Loved it! 😍
A birds-eye view of life on the land in outback Australia. The challenges, the hardships, and the incredible rewards of a rural lifestyle.
The Flying Bushman is a nonfiction memoir of outback Australia aerial mustering with a chopper and lots of family/ friends experiences along the way. It’s the warts and all and the pleasure and the pain of the isolation and regions of living and scratching a living out of the oldest and toughest place on the planet.
A love story with a girl from Perth and the city was sweet until one day a routine muster in the rugged Hammersley Ranges went horrible wrong. Battling terrible injuries from a bad chopper crash could greg recover to ever walk again, bringing the wild and ancient Pilbara landscapes to life.
The Flying Bushman is more than just an outback memoir, it’s a reminder of the true Australian spirit, resilience and courage which makes us who we are.
In this self-published memoir, The Flying Bushman, Greg Keynes relates the tale of a life lived large with courage, innovation, and dogged hard work.
He grew up as the first son of a sheep and beef producing family on Curbur Station, in the Murchison region of Western Australia in the 1960s and 70s. Greg paints vivid pictures of the vast landscape, the amazing diversity of the native flora and fauna, and the efforts that early Australian settlers had to make to wrest a living from the unpredictable wilderness. His parents were typical of the hardy folk who make up our rural communities. His mother was a caring, sweet woman who raised her four children, home-schooled them, and managed the homestead. She looked after the Aboriginal tribe who lived on the station as workers and was much loved by her family, friends, and neighbours. Greg’s father was a war veteran who returned from Service with a chronic injury and a lot of emotional trauma.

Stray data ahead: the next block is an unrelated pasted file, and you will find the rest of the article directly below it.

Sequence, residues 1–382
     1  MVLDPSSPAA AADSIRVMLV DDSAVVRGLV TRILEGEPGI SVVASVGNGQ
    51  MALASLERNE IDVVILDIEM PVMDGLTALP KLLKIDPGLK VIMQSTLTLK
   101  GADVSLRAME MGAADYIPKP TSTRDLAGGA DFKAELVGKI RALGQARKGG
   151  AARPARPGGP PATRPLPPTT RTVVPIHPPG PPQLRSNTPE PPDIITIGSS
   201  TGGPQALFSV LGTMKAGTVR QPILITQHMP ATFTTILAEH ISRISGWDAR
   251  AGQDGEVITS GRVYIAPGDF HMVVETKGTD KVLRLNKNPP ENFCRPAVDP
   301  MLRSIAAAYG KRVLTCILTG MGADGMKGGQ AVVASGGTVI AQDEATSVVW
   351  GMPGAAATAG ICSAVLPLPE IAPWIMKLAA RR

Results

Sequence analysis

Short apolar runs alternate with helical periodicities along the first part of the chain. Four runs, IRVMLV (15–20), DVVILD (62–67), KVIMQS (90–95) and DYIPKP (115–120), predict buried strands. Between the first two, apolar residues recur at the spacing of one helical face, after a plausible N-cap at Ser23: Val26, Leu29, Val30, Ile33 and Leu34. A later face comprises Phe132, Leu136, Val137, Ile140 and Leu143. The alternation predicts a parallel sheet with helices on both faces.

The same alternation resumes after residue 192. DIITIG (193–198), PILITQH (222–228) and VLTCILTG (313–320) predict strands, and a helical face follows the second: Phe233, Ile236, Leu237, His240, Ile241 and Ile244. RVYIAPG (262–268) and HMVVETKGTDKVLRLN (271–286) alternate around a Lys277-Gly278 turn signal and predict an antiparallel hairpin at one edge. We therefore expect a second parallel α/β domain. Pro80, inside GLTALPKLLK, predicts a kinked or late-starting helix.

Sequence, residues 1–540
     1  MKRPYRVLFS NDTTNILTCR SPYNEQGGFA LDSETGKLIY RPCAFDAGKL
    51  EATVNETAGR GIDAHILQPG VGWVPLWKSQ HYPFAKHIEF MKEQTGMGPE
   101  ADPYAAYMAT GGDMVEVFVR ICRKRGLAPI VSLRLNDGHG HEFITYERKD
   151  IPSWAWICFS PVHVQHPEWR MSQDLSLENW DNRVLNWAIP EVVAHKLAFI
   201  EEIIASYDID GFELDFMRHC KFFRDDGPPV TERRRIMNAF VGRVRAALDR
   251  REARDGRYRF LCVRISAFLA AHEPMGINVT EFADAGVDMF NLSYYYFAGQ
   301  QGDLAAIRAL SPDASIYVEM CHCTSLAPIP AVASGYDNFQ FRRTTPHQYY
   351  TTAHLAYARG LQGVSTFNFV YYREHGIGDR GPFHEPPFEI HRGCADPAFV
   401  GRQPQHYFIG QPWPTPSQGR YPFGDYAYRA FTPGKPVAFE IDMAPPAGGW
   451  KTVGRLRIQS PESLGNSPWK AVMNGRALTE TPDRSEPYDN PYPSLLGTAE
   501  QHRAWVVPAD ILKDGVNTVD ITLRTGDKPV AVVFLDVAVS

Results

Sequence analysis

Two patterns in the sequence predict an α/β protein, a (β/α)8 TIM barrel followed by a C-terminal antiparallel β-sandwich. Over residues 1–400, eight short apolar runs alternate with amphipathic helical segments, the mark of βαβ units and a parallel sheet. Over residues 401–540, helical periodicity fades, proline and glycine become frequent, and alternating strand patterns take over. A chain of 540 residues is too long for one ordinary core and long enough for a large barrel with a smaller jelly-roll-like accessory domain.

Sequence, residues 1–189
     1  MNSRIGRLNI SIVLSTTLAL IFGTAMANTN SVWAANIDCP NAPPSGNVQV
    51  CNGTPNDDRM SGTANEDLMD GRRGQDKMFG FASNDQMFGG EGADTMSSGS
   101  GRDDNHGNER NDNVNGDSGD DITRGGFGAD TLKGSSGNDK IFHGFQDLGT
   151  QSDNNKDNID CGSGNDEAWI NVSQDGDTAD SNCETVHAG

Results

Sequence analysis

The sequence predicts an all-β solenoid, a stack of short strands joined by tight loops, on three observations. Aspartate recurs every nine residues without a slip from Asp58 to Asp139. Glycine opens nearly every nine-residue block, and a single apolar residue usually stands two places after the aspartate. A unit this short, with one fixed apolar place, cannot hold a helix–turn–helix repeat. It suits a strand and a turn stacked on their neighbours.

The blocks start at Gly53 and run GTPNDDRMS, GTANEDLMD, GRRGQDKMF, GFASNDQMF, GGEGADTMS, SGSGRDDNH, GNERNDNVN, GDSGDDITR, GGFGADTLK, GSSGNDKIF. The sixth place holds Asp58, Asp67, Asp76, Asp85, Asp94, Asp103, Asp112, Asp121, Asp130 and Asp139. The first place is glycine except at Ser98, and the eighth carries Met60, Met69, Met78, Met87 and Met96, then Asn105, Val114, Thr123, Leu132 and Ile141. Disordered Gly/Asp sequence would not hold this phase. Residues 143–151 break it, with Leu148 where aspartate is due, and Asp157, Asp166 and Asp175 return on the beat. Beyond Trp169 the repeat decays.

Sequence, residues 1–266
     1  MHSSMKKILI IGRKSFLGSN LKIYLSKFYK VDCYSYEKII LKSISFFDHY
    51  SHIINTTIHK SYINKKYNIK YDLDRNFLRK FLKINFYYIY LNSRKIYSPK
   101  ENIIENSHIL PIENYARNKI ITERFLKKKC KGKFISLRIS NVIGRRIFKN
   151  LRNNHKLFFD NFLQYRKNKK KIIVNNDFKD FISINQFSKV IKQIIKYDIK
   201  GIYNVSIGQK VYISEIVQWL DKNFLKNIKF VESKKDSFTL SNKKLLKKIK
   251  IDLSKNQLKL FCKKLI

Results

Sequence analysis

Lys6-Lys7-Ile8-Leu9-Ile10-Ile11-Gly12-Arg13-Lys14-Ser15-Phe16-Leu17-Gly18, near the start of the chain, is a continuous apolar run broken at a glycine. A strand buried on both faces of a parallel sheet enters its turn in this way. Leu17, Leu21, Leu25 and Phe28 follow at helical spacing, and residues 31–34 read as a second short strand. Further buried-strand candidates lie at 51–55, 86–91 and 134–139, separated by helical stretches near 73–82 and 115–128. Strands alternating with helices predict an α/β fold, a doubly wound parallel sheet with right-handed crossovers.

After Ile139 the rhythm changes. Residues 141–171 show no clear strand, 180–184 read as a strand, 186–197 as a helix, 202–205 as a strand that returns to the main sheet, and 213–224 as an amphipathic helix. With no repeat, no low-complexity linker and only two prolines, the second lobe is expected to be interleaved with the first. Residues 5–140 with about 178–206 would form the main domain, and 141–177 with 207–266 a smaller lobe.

Greg recounts many a story of close shaves, amusing incidents, and little triumphs, all against the background of the harsh reality of flood and drought. He shares with us the family friction that developed as he grew toward manhood. With his new ideas and methods to improve the farms’ productivity, Greg and his dad butted heads at every turn. So the Flying Bushman bought a little helicopter and learned to fly it. Curbur Aerial Mustering Pty Ltd commenced operations in 1981. As pioneers in the heli-mustering industry, the business became very popular with stations near and far.
However, a terrible accident nearly claimed Greg’s life and changed everything. He was left with a lengthy recovery period and impaired mobility, effectively grounding him, and the business closed. With the insurance payout funds, Greg and his new wife, Kim, took possession of another cattle property that shared a border with Curbur. They started again from scratch.
I am not usually a fan of memoirs, finding they tend to be a little self-indulgent or dramatic. Greg has managed to get his story across in a typical Aussie fashion – realistic, factual, honest, but with the ability to poke fun at himself and the situations he describes. His writing style is clean and straight-forward, easy to read, and draws the reader along effortlessly. This book has renewed my appreciation of the courage, determination, and sheer grit of our farmers. Modern agricultural practices and equipment may have improved the efficiency and comfort of the lifestyle. However, Australia is still the ‘land of droughts and flooding rains,’ and we will always battle the elements.